Living in Colorado, where they might as well issue you a Subaru at the state line, I see plenty of worn-out Pleiades-badged cars in the local wrecking yards. Most of them fall into the 15-to-25-year-old age group, but I'll spot the occasional Malaise Era Subaru, from the era when the Leone was sold in North America as, simply, "the Subaru." Here's a 1980 base-level hatchback with the four-wheel-drive option, spotted in a yard just outside of Denver last month.
In 1980, the US-market Subaru could be had in three trim levels (STD, DL, and GL), and as a coupe, sedan, hatchback, or wagon (the pickup version was known as the BRAT). This STD hatch is the cheapest possible Subaru available in 1980 with four-wheel-drive, and I'm just disappointed that they didn't put STD badges on the base-level cars.
The driver had to choose between front- and four-wheel-drive by hand, using this lever. If you left the car in 4WD for long periods on dry pavement, you'd wear out the tires and/or break something. By 1997, all US-market Subarus had full-time all-wheel-drive, with no driver decisions about driven wheels needed.
Subaru offered an automatic transmission and a five-speed-manual for these cars, but just about all buyers of late-1970s/early-1980s Subarus went with the cheaper four-on-the-floor manual.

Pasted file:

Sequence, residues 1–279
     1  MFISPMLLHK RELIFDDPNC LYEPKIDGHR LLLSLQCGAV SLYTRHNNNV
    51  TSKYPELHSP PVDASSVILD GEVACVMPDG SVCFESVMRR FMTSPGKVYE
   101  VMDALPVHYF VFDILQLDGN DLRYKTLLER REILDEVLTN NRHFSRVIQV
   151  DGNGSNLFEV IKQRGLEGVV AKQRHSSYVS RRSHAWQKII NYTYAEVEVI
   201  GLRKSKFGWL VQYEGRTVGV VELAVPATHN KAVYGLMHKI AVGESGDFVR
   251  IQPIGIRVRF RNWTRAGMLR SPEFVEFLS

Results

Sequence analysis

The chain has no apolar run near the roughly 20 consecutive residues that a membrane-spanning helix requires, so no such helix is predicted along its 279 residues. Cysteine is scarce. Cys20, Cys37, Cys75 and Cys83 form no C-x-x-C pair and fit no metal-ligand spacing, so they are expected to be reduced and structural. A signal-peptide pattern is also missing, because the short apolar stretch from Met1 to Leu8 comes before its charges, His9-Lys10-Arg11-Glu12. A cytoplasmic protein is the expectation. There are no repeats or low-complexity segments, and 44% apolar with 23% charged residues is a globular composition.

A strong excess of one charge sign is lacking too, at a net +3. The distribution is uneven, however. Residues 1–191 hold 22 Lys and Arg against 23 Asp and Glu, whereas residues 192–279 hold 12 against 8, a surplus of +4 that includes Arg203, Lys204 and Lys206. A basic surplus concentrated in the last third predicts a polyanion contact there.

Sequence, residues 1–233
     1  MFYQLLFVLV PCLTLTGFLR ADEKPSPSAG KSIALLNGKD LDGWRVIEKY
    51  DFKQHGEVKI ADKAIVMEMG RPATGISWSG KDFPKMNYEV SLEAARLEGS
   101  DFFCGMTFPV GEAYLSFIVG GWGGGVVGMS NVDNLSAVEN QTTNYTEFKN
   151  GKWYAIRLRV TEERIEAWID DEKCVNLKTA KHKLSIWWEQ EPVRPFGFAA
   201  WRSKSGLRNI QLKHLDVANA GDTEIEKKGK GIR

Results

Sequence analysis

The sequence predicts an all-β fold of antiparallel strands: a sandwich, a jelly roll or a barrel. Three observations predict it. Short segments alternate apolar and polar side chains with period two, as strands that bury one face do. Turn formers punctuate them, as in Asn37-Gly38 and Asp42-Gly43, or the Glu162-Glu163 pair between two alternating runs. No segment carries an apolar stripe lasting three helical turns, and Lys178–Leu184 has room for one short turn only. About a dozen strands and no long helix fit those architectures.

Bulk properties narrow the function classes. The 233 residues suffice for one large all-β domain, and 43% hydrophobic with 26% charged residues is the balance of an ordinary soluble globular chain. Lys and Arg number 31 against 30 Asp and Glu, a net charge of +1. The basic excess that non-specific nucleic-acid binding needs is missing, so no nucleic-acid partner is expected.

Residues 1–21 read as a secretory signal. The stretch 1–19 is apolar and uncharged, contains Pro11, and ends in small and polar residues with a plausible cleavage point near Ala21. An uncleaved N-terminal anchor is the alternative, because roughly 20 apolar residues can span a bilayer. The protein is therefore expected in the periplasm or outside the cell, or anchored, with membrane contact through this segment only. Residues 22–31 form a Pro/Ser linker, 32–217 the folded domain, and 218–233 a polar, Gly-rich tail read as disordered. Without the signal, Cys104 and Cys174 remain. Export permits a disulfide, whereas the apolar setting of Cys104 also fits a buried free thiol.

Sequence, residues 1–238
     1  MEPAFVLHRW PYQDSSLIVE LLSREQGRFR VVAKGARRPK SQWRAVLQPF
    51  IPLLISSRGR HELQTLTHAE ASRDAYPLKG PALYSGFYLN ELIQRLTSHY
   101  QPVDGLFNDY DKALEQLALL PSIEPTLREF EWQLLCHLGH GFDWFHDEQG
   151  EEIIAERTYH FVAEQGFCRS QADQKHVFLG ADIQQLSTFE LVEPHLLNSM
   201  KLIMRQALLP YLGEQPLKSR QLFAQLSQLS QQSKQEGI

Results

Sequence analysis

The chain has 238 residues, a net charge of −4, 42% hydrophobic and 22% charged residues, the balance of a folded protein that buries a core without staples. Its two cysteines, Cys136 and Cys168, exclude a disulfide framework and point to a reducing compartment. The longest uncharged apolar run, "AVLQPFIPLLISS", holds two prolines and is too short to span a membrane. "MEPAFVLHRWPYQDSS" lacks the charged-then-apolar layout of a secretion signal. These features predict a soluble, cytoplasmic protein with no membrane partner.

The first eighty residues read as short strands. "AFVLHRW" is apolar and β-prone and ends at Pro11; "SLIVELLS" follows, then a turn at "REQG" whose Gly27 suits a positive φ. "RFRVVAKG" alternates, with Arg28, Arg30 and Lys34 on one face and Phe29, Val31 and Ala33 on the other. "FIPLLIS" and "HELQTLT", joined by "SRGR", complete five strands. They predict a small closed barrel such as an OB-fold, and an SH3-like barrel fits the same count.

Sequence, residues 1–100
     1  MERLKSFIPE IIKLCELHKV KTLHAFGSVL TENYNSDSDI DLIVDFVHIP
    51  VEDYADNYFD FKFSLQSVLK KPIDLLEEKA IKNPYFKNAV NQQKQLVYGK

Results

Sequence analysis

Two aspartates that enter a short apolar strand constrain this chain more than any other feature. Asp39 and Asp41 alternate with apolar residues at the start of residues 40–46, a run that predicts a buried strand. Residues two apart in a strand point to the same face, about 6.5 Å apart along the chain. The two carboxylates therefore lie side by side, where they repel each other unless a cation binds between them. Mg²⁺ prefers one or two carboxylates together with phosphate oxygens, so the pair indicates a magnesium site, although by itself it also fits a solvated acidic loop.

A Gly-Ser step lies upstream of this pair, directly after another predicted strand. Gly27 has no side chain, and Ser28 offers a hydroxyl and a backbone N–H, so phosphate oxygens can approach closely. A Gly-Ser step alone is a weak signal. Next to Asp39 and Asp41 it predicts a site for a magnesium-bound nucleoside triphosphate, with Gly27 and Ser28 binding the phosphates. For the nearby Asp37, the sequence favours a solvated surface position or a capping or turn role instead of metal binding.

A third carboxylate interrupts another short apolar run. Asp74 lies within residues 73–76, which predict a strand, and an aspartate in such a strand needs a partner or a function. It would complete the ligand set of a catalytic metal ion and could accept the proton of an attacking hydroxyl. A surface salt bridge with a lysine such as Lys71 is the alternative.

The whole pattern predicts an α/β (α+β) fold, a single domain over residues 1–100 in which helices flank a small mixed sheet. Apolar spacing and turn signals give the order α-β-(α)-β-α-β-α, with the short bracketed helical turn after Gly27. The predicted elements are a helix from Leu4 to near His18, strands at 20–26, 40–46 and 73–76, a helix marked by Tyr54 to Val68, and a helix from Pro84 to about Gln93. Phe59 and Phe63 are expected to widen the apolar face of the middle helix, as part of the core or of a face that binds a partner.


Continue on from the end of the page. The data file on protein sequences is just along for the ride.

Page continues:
When you see a junkyard car with the keys still present, you can assume that the car ended up here after being totaled by an insurance company or traded in on a new car. A battered 39-year-old Subaru won't get much interest at the sort of auction these cars go to, and so the junkyard ends up being the next stop.
The owner's manual was still in the glovebox, and of course I took at home and scanned a few pages (look in the gallery, above, for those scans). The folks at Subaru PR were interested in this book for their archives (they don't have one), so I'll make sure it gets to them soon.
Rodent bedding and poop fill the engine compartment, and the employees of this yard marked the car as a hantavirus biohazard. I'd wear a mask if I needed to pull the engine from this car, because hantavirus is a real problem in Colorado and has a scary 35% mortality rate.
Speaking of the engine, you're looking at 67 mighty horsepower here. With the car scaling in at about 2,200 pounds empty, drivers needed patience on uphill freeway onramps (actually, they needed patience when driving anywhere).
By the standards of Japanese cars of this era, the rust problem doesn't look too bad. Unfortunately for this car, the rare Subaru aficionado wishing to rescue and restore an early Leone can afford to hold out for a non-corroded example, because prices remain low.